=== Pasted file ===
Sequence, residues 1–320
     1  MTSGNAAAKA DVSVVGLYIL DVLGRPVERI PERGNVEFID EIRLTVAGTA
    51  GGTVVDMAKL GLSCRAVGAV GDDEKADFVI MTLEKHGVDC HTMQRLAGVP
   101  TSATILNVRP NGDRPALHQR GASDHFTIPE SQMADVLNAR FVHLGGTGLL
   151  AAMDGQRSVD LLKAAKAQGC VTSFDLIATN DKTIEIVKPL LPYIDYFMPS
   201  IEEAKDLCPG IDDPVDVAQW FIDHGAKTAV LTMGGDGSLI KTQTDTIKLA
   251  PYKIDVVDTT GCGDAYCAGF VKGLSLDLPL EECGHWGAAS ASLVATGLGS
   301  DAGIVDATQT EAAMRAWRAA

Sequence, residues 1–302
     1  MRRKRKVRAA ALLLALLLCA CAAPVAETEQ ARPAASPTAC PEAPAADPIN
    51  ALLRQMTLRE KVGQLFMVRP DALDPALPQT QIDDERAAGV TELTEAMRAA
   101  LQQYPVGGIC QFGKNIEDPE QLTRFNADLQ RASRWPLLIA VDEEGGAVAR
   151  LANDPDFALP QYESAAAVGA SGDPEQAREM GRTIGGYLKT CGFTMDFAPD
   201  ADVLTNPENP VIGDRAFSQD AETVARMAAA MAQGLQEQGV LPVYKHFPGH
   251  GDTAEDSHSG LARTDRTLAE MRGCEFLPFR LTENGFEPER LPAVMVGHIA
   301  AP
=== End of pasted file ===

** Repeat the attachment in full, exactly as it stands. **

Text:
Sequence, residues 1–320
     1  MTSGNAAAKA DVSVVGLYIL DVLGRPVERI PERGNVEFID EIRLTVAGTA
    51  GGTVVDMAKL GLSCRAVGAV GDDEKADFVI MTLEKHGVDC HTMQRLAGVP
   101  TSATILNVRP NGDRPALHQR GASDHFTIPE SQMADVLNAR FVHLGGTGLL
   151  AAMDGQRSVD LLKAAKAQGC VTSFDLIATN DKTIEIVKPL LPYIDYFMPS
   201  IEEAKDLCPG IDDPVDVAQW FIDHGAKTAV LTMGGDGSLI KTQTDTIKLA
   251  PYKIDVVDTT GCGDAYCAGF VKGLSLDLPL EECGHWGAAS ASLVATGLGS
   301  DAGIVDATQT EAAMRAWRAA

Sequence, residues 1–302
     1  MRRKRKVRAA ALLLALLLCA CAAPVAETEQ ARPAASPTAC PEAPAADPIN
    51  ALLRQMTLRE KVGQLFMVRP DALDPALPQT QIDDERAAGV TELTEAMRAA
   101  LQQYPVGGIC QFGKNIEDPE QLTRFNADLQ RASRWPLLIA VDEEGGAVAR
   151  LANDPDFALP QYESAAAVGA SGDPEQAREM GRTIGGYLKT CGFTMDFAPD
   201  ADVLTNPENP VIGDRAFSQD AETVARMAAA MAQGLQEQGV LPVYKHFPGH
   251  GDTAEDSHSG LARTDRTLAE MRGCEFLPFR LTENGFEPER LPAVMVGHIA
   301  AP